Journal of Genetic Counseling (vol. 26, no. 5, 2017) is available online by subscription only.
- “A Systematic Review of Randomized Controlled Trials to Assess Outcomes of Genetic Counseling” by Barbara A. Athens et al.
- “Characterizing Clinical Genetic Counselors’ Countertransference Experiences: an Exploratory Study” by Rebecca Reeder et al.
- “Reasons for Declining Preconception Expanded Carrier Screening Using Genome Sequencing” by Marian J. Gilmore et al.
- “Experiences of Pre-Implantation Genetic Diagnosis (PGD) in Sweden: a Three-Year Follow-Up of Men and Women” by Stina Järvholm, Ann Thurin-Kjellberg, and Malin Broberg
- “Attitudes Towards Prenatal Genetic Counseling, Prenatal Genetic Testing, and Termination of Pregnancy among Southeast and East Asian Women in the United States” by Ginger J. Tsai et al.
- “Genetic Counselors’ Perception of the Effect on Practice of Laws Restricting Abortion” by Caitlin Cooney, Laura Hercher, and Komal Bajaj
- “Should Genetic Testing be Offered for Children? The Perspectives of Adolescents and Emerging Adults in Families with Li-Fraumeni Syndrome” by Melissa A. Alderfer et al.
The Linacre Quarterly (vol. 84, no. 3, 2017) is available online by subscription only.
- “A Guide for Religious for End-of-Life Decision Making” by Fr. James McTavish
- “Is Medicine Losing Its Way? A Firm Foundation for Medicine as a Real
Therapeia” by Willem Jacobus Cardinal Eijk
- “Spiritual Care of the Sick” by Fr. Juan R. Vélez
- “Why the Moratorium on Human-Animal Chimera Research Should Not Be
Lifted” by Alan Moy
- “Decision Making in Neonatal End-of-Life Scenarios in Low-Income
Settings” by Fr. James McTavish
- “Pulmonary Hypertension: Clinical Parameters of a Difficult Case in
Pregnancy” by Byron C. Calhoun
- “Moral Theological Analysis of Direct Versus Indirect Abortion” by John M. Haas
- “Hormonal Contraception and the Development of Autoimmunity: A Review
of the Literature” by William V. Williams
Journal of Bioethical Inquiry (vol. 14, no. 3, 2017) is available online by subscription only.
- “Stretching the Boundaries of Parental Responsibility and New Legal Guidelines for Determination of Brain Death” by Bernadette Richards and Thaddeus Mason Pope
- “Futile Treatment—A Review” by Lenko Šari?, Ivana Prki? and Marko Juki?
- “Are Wrongful Life Actions Threatening the Value of Human Life?” by Vera Lúcia Raposo
- “Political Minimalism and Social Debates: The Case of Human-Enhancement Technologies” by Javier Rodríguez-Alcázar
- “Including People with Dementia in Research: An Analysis of Australian Ethical and Legal Rules and Recommendations for Reform” by Nola M. Ries, Katie A. Thompson, and Michael Lowe
- “Measles Vaccination is Best for Children: The Argument for Relying on Herd Immunity Fails” by Johan Christiaan Bester
- “Medical Negligence Determinations, the “Right to Try,” and Expanded Access to Innovative Treatments” by Denise Meyerson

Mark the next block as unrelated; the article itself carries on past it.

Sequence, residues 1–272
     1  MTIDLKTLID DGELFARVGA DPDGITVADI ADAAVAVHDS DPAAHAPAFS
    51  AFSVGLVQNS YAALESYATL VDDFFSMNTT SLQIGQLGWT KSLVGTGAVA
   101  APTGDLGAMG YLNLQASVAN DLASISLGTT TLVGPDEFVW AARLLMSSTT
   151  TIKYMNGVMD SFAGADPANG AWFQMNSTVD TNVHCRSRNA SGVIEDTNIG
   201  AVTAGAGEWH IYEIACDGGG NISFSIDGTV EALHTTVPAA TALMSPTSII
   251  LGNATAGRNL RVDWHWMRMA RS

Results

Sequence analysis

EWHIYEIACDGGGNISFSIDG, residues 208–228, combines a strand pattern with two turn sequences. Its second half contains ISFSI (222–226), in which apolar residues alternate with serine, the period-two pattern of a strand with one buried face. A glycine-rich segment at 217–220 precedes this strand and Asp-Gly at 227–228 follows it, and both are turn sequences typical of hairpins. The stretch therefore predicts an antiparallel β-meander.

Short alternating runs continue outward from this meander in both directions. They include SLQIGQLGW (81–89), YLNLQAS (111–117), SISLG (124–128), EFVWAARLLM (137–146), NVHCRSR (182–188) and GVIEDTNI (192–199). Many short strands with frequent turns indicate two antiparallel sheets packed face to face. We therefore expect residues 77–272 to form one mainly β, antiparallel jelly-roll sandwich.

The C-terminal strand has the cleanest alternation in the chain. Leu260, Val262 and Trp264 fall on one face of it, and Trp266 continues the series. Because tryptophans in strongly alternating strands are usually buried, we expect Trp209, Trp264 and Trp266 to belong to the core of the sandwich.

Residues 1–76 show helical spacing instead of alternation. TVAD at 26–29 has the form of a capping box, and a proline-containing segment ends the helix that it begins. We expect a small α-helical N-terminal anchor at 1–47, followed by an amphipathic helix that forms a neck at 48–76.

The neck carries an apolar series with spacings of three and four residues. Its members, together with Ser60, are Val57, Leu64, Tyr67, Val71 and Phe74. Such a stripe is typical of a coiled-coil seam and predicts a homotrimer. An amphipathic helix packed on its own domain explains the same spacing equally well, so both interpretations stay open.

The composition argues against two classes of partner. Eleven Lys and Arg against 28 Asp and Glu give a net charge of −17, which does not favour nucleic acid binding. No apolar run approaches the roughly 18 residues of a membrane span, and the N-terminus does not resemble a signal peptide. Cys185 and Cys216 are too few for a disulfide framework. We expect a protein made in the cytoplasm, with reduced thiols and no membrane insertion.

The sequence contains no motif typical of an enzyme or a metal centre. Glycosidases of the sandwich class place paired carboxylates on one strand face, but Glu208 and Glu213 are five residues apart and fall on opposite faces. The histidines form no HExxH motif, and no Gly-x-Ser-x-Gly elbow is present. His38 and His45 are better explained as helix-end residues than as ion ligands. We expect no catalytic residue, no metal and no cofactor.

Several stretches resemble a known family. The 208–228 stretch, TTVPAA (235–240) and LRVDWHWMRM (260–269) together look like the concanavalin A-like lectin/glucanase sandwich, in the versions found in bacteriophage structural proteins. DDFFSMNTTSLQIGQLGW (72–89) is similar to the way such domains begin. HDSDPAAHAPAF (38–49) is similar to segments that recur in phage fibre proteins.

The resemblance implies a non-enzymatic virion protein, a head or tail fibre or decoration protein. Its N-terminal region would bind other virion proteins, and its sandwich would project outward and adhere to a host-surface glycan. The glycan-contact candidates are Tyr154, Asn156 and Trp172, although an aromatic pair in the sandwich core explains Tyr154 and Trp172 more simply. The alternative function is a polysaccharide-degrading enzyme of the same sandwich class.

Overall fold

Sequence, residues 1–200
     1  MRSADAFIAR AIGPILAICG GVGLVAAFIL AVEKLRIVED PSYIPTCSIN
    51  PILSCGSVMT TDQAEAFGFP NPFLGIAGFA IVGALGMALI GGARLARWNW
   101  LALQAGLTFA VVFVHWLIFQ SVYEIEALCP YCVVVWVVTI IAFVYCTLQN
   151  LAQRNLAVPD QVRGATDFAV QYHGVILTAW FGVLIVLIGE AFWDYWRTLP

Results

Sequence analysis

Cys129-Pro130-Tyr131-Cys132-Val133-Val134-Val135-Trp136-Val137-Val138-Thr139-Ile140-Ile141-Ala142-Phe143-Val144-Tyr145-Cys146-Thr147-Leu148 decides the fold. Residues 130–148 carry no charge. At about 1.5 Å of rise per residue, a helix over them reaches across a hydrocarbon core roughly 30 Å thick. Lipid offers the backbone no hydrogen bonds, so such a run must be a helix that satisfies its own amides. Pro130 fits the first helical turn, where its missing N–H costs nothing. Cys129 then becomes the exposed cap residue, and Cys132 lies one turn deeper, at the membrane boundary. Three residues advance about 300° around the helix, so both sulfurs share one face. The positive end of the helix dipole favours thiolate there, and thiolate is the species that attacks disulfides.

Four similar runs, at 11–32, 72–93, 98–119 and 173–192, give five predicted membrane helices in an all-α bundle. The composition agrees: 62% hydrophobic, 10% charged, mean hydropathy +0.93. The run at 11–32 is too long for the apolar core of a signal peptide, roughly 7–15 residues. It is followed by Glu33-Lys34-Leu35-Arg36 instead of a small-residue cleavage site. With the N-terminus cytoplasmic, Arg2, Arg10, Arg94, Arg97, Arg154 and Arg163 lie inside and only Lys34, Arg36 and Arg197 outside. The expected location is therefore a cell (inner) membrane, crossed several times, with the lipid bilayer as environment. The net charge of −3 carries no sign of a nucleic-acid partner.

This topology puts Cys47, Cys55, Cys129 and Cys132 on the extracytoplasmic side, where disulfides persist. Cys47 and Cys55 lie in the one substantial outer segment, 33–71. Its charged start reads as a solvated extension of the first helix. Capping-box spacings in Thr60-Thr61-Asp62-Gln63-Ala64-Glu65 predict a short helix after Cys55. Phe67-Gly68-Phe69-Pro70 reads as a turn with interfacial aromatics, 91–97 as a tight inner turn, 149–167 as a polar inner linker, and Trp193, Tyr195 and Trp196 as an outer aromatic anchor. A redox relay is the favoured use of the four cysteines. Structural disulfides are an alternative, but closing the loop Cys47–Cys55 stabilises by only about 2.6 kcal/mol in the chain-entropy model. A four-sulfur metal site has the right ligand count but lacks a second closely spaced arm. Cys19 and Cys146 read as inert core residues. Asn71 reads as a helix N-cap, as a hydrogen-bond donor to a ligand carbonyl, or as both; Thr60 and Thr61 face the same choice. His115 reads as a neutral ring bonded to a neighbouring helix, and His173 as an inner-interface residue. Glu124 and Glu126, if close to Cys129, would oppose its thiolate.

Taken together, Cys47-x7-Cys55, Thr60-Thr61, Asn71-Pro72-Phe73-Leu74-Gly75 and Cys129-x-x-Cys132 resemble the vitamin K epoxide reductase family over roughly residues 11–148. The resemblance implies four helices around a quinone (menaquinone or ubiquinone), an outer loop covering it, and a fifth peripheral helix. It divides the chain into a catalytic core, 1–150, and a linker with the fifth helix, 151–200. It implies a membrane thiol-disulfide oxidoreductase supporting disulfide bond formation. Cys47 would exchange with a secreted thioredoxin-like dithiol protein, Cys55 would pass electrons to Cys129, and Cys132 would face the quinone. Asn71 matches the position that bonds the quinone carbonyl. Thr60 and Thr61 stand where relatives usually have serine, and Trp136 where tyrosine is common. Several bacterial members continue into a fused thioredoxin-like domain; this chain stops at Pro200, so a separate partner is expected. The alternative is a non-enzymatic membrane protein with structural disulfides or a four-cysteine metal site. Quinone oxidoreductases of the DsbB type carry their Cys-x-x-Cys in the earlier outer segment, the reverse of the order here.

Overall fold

- “Access to High Cost Cancer Medicines Through the Lens of an Australian Senate Inquiry—Defining the “Goods” at Stake” by Narcyz Ghinea, Miles Little, and Wendy Lipworth
- “Exploring Vaccine Hesitancy Through an Artist–Scientist Collaboration” by Kaisu Koski and Johan Holst
- “A Feminist Critique of Justifications for Sex Selection” by Tereza Hendl
Medico-Legal Journal (vol. 85, no. 3, 2016) is available online by subscription only.
- “Liability for Providing a Prognosis in Surgical Practice” by Alex de Costa and Amy Tam
- “Judicial Oversight of Life-Ending Withdrawal of Assisted Nutrition and Hydration in Disorders of Consciousness in the United Kingdom: A Matter of Life and Death” by Mohamed Y Rady and Joseph L. Verheijde
The New England Journal of Medicine (vol. 377, no. 9, 2017) is available online by subscription only.
- “Interprofessional Education — A Foundation for a New Approach to Health Care” by A. Dow and G. Thibault
- “Abandonment” by R. Srivastava
(Vox) – There are 141 million visits to the emergency room each year, and nearly all of them (including Saifan’s) have a charge for something called a facility fee. This is the price of walking through the door and seeking service. It does not include any care provided. Emergency rooms argue that these fees are necessary to keep their doors open, so they can be ready 24/7 to treat anything from a sore back to a gunshot wound. But there is also wide variation in how much hospitals charge for these fees, raising questions about how they are set and how closely they are tethered to overhead costs.
Pregnant Women Who Need Medications Face a Risky Guessing Game. A Federal Task Force Is Now Trying to Help
(STAT News) – Few drugs have been approved as safe and effective to use during pregnancy, and most of those are for conditions specific to pregnancy. As a result, almost every medicine given to a pregnant woman, from prescription antacids for acid reflux to biologic drugs to prevent epileptic seizures, is considered an off-label use. Some doctors even take women off medications as basic and important as those that help control blood pressure, because there’s no way of knowing if they’re safe.
(The Atlantic) – The amnesic effects of hypnotic drugs are nothing new. In fact, anesthesiologists—and patients—have long relied upon the fact that, along with erasing consciousness, many hypnotic drugs prevent or disrupt memory. Amnesia—forgetting—is a useful and, many would argue, desirable side effect. In recent years, however, there has been an increasing reliance on new short-acting intravenous anesthetic drugs with powerful amnesic side effects. Sometimes they are used alone, sometimes in combination.
(The Guardian) – The ultimate goal remains to make synthetic organs from scratch using a synthetic scaffold, as Macchiarini tried and failed to do with tracheas. Pig scaffolds do not pose a risk, but manufacturing them does not readily scale up to treating hundreds or thousands of patients. However, De Coppi says that matching the quality of a natural scaffold is probably still 20 years away. “Despite [attempts at] synthetic organs, we are still far away from mimicking what mother nature has done,” he says.
(Eurekalert) – Nearly half of the 13 million older adults hospitalized annually in the United States are unable to make their own medical decisions and rely on surrogates, usually close family members, to make decisions for them. However little is known about how these surrogates respond to the demands put upon them. A new study from the Indiana University Center for Aging Research and the Regenstrief Institute explores predictors and frequency of surrogate decision-maker distress and has found high levels of both anxiety and depression.